Tuesday, September 11, 2007

Checkpoint

I thought it would be worth stopping briefly before term starts and making a note of where I'm at with regards to various controversial issues in the Christian world.

Labelling: I don't like it, because labels tend to aid division rather than unity and because "insiders" and "outsiders" usually use the same label to mean different things. If I have to use labels other than "Christian", I tend to go for moderate conservative evangelical Anglican, which is sufficiently long that it gives people an idea of where I'm at without necessarily referring to a clearly defined group. I am aware that there are moderate charismatics and "open evangelicals" with whom I would agree almost 100%.

Uniqueness of Christ: Absolutely. He is both perfectly God and perfectly man; salvation is found only in him, and only through his life, death, resurrection and ascension.

Scripture and Revelation: Scripture is perfect, authoritative. My view comes very close to the Chicago Statement on Biblical Inerrancy. I don't think there is subsequent revelation with the same authority, but I don't see that necessarily means there is no further revelation, but that further revelation is not binding in the same sense and would need to be tested against Scripture.

Ordination of women: I think by the time someone asks the question, they've already missed the point. In the Bible, the nearest equivalent to ordination is functional rather than ontological - it is ordination for a specific purpose rather than for being able to put Rev in front of your name. People were chosen as leaders of specific churches rather than just flying "church leaders" (with the exceptions of apostles, but the ordained ministry in the C of E is functionally much closer to the pastor / teacher / church leader than that of the apostle). The way the C of E sees ordination is generally at least partly ontological. Given that we've got this ontological status thingy, that women are clearly meant to be doing at least some of the jobs it covers and that the NT doesn't really address the question, I don't see any reason why women shouldn't be ordained. It could be argued that in Acts, Priscilla and Aquilla seem to act like an ordained couple would today; I think there's useful scope in that idea.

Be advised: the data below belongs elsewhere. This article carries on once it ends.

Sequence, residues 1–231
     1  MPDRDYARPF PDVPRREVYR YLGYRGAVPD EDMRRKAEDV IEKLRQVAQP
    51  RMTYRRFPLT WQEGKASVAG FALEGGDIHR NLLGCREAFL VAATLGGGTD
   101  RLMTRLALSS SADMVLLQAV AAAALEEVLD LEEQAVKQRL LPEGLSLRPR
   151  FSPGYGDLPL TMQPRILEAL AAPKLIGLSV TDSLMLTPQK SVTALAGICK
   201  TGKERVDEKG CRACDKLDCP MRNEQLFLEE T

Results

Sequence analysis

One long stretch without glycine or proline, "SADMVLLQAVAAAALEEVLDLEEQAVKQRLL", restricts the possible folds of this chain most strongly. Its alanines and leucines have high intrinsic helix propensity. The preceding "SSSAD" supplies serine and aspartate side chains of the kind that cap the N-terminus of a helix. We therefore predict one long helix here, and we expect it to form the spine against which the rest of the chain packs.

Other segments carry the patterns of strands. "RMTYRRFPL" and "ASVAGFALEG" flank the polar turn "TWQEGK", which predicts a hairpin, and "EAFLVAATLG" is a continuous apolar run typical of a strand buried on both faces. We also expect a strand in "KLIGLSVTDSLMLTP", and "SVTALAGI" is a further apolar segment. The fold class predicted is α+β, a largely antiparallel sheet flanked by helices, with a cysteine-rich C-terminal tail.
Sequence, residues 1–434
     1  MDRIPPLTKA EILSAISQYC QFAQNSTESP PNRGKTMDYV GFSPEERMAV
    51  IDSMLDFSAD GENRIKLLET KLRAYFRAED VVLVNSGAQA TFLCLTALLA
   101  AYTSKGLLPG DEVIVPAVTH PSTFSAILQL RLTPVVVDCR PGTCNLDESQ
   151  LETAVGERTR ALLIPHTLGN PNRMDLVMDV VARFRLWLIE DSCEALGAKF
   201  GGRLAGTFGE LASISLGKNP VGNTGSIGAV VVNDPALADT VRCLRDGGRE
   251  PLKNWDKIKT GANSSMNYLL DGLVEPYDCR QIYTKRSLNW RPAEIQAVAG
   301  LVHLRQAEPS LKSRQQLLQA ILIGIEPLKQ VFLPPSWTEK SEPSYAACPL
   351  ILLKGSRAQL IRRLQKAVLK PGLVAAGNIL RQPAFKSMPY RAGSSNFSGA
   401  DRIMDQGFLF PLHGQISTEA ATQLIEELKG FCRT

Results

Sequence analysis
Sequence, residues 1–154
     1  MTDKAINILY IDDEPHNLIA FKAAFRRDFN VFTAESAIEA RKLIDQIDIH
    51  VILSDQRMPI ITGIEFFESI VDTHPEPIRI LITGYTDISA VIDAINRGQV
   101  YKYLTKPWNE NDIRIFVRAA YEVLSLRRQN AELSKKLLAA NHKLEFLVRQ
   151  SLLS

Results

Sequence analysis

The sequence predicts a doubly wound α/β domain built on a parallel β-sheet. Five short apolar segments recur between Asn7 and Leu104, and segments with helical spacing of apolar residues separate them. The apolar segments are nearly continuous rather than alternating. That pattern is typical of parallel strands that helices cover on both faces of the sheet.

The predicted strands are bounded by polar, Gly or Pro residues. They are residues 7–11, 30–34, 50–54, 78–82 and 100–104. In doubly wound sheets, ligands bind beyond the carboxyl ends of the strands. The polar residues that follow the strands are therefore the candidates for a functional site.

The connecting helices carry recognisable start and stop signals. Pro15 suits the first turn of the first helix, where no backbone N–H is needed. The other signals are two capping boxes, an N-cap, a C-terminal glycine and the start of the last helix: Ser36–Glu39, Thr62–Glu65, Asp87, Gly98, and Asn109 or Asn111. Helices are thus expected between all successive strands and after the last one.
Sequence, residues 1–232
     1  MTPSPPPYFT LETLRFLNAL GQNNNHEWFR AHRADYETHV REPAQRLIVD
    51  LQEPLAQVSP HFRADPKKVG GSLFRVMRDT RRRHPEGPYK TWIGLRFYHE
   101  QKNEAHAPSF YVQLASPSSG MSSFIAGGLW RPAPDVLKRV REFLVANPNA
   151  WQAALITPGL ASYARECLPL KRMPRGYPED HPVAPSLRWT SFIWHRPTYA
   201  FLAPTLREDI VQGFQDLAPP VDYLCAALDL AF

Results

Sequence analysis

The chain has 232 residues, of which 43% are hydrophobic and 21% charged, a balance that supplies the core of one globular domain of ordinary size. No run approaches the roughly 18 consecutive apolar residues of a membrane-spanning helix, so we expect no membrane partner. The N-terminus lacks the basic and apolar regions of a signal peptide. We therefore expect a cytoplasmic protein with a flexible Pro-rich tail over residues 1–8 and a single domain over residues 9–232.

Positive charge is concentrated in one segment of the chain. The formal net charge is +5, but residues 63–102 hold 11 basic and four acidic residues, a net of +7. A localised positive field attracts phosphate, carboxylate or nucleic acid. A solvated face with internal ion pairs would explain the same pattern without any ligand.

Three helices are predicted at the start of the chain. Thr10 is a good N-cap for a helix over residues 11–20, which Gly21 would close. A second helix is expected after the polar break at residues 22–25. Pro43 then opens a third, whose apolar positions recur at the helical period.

Women leading churches: This is closer to the real question on whether there is a gender-based difference as regards ideal roles within the church. To be honest, I'm not sure. I don't think either side's Biblical arguments are particularly persuasive; my instinct is therefore that we should treat it as an issue of conscience. I certainly don't see arguments for men refusing to submit to women who are in a position of authority in churches. There are however big questions of how marriage relationships work if the woman is a church leader and the man isn't...

Roman Catholicism: There's a regular commenter on here who I think is an evangelical charismatic Roman Catholic, and I don't have a problem with that. I think some of the official teachings of the Roman Catholic church are seriously flawed, but I also think the same of some of the official teachings of the Presbyterian Church and the Anglican Church (I might comment on those at a future date).

Cessationism: Seems to have no valid Scriptural support. But neither does the view that God follows our every whim.

Praying for the dead: Is good, pastoral and wise. The old doctrine of Purgatory is, however, complete tosh. That's a very bad reason for praying for the dead, but just because one reason is stupid, doesn't mean the rest are.

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